Everything wrong with contemporary midwifery encapsulated in a single slide

Life affirming glory of birth

Here we have everything wrong with contemporary midwifery in a single slide:

Focussing on risk is one of the ways we close down the life-affirming glory of birth

The slide was presented today at the Normal Labour & Birth: 10th Research Conference.

You might think that the recent revelations about dozens of preventable deaths at the hands of midwives would have prompted them to reassess their mindless veneration of unmedicated vaginal (“normal”) birth. You would be wrong. Indeed, the heartless woman who tweeted the image called it “poignant” in the wake of the 12 preventable deaths detailed in the Morecambe Bay report. Poignant is not the word that occurs to me; disrespectful, unfeeling, and heartless leap to my mind.

Here’s my question, midwives: how life affirming is the birth if the baby is dead?

Apparently, it’s still life affirming … because it affirms the lives of MIDWIVES. What? You thought contemporary midwifery was about babies and women? Aren’t you naive.

Midwives have become everything they claimed to despise in doctors: they are arrogant, dictatorial and contemptuous of scientific evidence. Most importantly, they appear to believe that the profession exists for their benefit and women should shut up and do what they say.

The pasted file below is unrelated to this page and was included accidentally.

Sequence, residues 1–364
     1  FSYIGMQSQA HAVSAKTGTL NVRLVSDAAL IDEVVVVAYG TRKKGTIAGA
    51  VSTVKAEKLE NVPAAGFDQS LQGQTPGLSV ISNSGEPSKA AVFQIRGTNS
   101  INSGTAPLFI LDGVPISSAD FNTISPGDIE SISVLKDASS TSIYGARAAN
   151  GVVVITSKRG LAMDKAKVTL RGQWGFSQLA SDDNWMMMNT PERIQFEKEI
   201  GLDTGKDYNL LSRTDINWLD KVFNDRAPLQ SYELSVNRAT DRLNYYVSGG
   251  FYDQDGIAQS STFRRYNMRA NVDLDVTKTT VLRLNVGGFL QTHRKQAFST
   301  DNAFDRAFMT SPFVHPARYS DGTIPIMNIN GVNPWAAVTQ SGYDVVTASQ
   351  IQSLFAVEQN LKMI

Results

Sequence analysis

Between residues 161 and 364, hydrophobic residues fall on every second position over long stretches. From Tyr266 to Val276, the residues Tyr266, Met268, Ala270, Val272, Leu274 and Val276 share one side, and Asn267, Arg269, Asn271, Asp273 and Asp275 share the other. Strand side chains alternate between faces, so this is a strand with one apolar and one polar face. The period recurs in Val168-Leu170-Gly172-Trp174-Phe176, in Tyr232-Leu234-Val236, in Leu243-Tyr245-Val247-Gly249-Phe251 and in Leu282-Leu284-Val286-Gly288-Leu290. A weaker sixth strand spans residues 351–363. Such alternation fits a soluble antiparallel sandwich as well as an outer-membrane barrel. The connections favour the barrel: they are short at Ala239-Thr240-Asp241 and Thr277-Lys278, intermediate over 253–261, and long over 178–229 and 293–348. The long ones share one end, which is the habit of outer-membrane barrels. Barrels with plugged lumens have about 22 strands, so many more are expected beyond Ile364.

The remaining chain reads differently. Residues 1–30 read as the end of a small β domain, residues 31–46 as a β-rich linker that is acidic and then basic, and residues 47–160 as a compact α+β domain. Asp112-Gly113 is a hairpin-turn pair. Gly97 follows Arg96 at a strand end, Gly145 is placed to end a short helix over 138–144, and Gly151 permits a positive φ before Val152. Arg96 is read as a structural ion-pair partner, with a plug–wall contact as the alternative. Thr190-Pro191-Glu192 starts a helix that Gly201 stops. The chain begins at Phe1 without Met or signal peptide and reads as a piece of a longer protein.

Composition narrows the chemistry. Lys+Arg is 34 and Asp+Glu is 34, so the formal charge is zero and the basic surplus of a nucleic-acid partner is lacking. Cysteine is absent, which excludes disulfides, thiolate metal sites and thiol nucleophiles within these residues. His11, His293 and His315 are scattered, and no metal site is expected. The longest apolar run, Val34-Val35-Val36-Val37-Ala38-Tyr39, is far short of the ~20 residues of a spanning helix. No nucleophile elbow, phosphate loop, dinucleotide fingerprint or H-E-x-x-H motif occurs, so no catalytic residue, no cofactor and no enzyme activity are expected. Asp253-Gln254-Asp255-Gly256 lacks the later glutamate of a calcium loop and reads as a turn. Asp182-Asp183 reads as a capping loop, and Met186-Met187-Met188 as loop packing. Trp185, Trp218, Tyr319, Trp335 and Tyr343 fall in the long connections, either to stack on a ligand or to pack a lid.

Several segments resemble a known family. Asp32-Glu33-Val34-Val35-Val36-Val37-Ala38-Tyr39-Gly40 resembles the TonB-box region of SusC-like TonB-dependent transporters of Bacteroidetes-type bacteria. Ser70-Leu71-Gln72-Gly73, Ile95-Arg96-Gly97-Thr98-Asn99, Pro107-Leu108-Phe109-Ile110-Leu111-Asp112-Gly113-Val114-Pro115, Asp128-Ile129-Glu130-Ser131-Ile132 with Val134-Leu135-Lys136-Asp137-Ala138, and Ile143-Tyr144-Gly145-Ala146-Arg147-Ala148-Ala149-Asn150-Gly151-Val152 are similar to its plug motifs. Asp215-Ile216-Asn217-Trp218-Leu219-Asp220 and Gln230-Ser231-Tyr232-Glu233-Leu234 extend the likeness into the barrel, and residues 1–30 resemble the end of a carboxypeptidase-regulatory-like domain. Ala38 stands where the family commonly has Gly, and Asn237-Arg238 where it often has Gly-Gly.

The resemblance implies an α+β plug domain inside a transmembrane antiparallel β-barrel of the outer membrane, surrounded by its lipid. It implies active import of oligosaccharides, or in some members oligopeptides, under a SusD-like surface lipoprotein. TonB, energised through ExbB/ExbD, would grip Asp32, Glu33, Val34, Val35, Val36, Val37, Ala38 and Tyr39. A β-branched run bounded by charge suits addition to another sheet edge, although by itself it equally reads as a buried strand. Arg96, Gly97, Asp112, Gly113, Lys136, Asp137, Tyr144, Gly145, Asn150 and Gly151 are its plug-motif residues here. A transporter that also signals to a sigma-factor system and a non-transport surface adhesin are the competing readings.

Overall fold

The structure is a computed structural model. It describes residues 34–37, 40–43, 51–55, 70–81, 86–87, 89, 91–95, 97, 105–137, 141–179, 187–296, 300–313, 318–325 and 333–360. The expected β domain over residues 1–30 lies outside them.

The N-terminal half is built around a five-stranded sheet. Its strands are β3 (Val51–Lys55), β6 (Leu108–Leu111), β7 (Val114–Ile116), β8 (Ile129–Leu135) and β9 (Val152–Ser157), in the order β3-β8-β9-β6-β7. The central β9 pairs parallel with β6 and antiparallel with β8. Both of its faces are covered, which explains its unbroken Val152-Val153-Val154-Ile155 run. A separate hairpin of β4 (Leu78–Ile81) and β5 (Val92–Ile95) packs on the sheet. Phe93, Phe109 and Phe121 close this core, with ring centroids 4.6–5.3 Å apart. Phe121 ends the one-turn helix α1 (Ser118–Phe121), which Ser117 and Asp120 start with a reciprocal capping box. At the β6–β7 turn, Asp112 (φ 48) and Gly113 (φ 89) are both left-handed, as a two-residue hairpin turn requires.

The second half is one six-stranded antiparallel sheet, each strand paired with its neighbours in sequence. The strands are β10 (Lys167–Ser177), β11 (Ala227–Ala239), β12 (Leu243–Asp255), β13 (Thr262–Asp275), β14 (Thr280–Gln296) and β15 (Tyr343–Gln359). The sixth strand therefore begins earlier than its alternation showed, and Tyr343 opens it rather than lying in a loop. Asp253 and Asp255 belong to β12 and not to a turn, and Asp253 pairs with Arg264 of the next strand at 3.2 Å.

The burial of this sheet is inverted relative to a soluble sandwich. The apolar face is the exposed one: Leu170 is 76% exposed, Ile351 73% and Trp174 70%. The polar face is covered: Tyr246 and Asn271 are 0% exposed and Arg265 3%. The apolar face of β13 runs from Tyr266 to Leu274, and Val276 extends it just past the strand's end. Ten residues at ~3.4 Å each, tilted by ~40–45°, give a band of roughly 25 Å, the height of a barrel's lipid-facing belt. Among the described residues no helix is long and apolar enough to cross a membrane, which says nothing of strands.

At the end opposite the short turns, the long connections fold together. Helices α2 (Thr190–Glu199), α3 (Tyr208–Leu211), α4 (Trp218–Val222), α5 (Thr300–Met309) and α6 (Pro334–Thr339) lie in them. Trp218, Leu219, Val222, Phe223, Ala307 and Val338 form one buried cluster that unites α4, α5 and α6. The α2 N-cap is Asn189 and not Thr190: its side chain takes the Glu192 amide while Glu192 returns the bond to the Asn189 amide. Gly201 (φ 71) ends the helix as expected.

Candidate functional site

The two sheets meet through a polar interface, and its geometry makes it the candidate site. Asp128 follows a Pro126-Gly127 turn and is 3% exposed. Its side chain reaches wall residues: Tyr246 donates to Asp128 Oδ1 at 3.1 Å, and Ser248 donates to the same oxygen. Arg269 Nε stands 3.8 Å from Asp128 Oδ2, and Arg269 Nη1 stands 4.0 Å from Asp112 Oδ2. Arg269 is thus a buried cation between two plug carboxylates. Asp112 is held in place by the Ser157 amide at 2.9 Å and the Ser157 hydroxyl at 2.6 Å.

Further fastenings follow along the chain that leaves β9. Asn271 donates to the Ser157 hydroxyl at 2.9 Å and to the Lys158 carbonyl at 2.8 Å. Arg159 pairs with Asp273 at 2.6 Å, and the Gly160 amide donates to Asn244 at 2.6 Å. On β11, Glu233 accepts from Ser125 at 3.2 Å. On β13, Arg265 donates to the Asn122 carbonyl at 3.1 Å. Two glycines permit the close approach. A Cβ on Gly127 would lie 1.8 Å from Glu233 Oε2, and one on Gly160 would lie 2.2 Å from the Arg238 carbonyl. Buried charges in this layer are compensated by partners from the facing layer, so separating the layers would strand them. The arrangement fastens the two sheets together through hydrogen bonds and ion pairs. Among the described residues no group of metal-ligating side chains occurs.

The ugly, deadly truth is that “normal birth” is not healthier, safer or better in any way for mothers or babies than childbirth with the entire panoply of obstetric interventions. But “normal birth” is a nail, and midwives are hammers and they just keep on pounding.

As anthropologist Margaret MacDonald explained in the Lancet, The cultural evolution of natural birth:

Natural birth has long held iconic status within midwifery and alternative birth movements around the world that have sought to challenge the dominance of biomedicine and the medicalisation of childbirth… The recent transition of midwifery in several Canadian provinces from a social movement—for which “reclaiming” natural birth was a critical goal — to a regulated profession within the formal health-care system is a unique opportunity to track changes in how natural birth is understood and experienced. Midwifery in Canada has much in common ideologically with independent or direct-entry midwifery in the USA and with radical and independent midwifery in the UK and so insights about changes in Canada have implications for maternity caregivers in a range of health systems.

But normal birth actually involves lots of technology. There is nothing natural about checking blood pressure, listening the fetal heart with a Doppler or recommending chiropractic. Other technological interventions have also become a part of normal birth. In fact:

[If an intervention] can bring back the clinical normalcy of the labour pattern and keep it within the midwifery scope of practice, it is generally regarded as a good thing by midwives and clients alike …